Born to be Wild
”Get your motor runnin', Head out on the highway, Lookin' for adventure, And whatever comes our way. “
I can't say I knew what born to be wild really meant… until I visited Costa Rica 10 years ago. However, 2016 really changed the way I saw travel. That year I took a road trip from California to Costa Rica twice, camping along the way at some of the best surf breaks and waterfalls. I discovered what they call overlanding and from then on, it has been my favorite way to travel. Overlanding is a fairly new concept which merges camping and off-roading into one off-grid adventure. I love being able to drive to a place and make wherever is most beautiful or solitary my home for the night, or a few. Those moments sparked my admiration for vanlife. It became an obsession-I dreamt about finding the perfect van, converting it and to be honest it almost seemed slightly more exciting to convert it than to dream about travelling with it. Finally in December of 2018 after searching all over the US, Panama and Costa Rica, my husband and I found the perfect van thanks to a little help from our friends and family. We ended up with a 2014 Fiat Ducato Cargo Van, an empty shell to transform into our dream-mobile. It took us 2.5 months to convert it and we went with an all wooden rustic yet boho chic interior. It's actually what people complement most when stepping inside- the sweet smell of wood- i guess it gives people a homey vibe. This tiny home is 2m wide by 3m long and honestly more than enough space to travel comfortably for weeks on end. We didn't realize what a phenomenon vanlife is around the world, which is what persuaded us to rent the van out to like minded travellers.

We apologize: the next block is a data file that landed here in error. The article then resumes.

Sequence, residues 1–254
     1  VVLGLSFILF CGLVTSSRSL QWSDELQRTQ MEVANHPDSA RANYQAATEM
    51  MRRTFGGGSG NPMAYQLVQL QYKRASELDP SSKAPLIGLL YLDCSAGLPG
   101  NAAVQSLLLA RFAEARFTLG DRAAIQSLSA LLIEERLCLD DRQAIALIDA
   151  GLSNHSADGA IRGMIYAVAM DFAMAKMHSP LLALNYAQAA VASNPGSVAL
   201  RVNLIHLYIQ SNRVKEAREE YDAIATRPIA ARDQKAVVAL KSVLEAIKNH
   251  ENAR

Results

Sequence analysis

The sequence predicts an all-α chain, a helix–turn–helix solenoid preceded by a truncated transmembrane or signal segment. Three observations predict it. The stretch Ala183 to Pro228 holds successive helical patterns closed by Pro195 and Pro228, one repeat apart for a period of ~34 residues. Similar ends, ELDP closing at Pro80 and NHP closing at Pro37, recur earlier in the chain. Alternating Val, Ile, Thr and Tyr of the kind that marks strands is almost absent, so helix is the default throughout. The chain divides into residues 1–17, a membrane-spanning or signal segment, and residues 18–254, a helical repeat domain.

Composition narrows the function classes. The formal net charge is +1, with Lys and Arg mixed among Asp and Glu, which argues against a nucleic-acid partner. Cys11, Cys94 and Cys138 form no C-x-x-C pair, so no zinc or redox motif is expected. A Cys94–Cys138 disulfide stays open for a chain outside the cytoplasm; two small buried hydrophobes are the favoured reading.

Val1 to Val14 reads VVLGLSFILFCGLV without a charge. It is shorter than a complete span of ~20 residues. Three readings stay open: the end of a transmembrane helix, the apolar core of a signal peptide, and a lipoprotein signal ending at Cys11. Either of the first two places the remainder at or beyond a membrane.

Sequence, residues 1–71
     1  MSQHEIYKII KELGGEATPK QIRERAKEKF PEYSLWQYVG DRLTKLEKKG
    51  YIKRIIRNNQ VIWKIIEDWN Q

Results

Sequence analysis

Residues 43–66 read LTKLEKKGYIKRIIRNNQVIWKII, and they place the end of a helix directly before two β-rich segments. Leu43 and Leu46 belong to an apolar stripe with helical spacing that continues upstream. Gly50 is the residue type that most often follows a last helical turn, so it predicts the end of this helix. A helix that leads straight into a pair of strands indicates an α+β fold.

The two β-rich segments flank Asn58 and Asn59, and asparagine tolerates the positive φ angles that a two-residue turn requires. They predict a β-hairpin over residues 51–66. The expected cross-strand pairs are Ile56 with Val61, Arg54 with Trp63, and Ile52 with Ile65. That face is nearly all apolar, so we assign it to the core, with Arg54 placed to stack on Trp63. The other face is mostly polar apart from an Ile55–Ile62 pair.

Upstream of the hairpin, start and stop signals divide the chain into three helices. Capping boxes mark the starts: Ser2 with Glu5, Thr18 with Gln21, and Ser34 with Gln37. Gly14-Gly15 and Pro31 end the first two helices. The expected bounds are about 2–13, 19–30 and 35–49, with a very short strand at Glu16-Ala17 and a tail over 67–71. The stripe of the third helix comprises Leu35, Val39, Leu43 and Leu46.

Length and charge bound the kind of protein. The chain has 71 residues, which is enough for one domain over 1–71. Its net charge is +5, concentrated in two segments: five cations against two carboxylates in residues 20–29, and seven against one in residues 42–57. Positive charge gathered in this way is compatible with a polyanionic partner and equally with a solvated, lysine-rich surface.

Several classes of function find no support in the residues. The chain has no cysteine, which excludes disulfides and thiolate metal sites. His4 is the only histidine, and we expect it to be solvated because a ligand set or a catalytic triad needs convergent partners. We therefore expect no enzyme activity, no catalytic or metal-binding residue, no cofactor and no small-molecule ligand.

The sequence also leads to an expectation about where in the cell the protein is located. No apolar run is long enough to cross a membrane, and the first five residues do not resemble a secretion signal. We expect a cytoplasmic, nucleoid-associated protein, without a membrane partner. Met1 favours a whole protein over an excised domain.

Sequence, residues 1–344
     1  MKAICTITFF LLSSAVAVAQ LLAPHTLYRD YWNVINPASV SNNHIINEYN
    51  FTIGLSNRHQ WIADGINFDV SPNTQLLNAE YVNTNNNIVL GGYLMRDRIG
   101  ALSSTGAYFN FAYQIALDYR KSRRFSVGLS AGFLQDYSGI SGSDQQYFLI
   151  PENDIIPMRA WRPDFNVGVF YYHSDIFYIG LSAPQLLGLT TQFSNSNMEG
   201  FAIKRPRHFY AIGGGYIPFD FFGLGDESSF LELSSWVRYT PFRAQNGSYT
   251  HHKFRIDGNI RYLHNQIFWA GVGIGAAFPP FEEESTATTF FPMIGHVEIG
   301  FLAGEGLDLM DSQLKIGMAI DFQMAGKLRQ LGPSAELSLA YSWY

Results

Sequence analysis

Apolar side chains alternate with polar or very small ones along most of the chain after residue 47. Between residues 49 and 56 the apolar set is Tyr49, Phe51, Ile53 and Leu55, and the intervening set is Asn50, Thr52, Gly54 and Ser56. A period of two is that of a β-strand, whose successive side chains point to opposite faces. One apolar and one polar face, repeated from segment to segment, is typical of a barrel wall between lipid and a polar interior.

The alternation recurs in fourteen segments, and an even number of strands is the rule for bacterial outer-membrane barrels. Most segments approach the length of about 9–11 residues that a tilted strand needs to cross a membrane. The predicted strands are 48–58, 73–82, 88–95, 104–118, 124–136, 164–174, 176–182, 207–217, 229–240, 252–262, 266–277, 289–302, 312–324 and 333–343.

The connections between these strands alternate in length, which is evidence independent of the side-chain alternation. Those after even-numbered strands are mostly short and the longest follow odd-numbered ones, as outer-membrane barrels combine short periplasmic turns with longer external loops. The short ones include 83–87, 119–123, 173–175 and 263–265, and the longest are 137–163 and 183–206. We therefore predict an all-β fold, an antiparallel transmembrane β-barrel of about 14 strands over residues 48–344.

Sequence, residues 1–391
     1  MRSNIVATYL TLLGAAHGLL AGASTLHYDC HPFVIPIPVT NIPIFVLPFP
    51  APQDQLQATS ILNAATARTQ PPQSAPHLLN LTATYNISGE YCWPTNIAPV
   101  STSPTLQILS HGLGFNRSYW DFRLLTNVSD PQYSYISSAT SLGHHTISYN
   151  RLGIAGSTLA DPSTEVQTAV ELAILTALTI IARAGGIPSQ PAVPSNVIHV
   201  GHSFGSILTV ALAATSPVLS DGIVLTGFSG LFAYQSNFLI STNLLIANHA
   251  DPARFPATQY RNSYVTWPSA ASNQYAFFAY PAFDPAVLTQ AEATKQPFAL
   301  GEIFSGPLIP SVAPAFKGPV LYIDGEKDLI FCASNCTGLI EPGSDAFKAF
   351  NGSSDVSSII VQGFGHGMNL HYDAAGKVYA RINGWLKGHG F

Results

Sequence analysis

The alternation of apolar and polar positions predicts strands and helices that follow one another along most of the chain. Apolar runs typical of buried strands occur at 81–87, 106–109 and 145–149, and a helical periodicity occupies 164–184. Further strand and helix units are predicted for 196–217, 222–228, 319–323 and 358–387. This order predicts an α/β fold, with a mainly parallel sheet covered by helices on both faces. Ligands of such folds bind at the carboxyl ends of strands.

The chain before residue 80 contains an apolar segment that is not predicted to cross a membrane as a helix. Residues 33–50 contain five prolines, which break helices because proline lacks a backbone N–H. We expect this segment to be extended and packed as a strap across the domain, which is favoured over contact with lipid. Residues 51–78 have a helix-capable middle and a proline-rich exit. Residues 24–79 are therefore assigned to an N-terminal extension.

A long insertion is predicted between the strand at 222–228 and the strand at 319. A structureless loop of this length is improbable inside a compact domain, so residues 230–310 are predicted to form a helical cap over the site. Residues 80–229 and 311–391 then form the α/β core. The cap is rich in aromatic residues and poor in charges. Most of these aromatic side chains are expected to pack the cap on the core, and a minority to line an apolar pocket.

Since the conversion, we have travelled to Northern Nicaragua for a week, have explored places in Guanacaste we had never been before, spent a few nights in the cold tropical highlands of Rivas/Chirripó area, and explored the Caribbean coast where we were able to enjoy sunny days and crystal clear waters even during the Pacific rainy season. It would be hard to fit the ten best places to visit in Costa Rica because so many places are amazing and thriving with beauty. However, if i had to squeeze in the best due to time restraints they would be as follows: Rincon de La Vieja and Arenal Volcanos, Playa Negra and surrounding beaches for surfing in the North, San Juanillo and Conchal again in the North for those who don’t surf, the Caribbean-of course, Osa Peninsula and Pavones in the Southern Pacific, and lastly San Gerardo de Dota for a different kind of highland Costa Rican experience (especially for birders). I will go into detail about what makes these places so special, for me at least.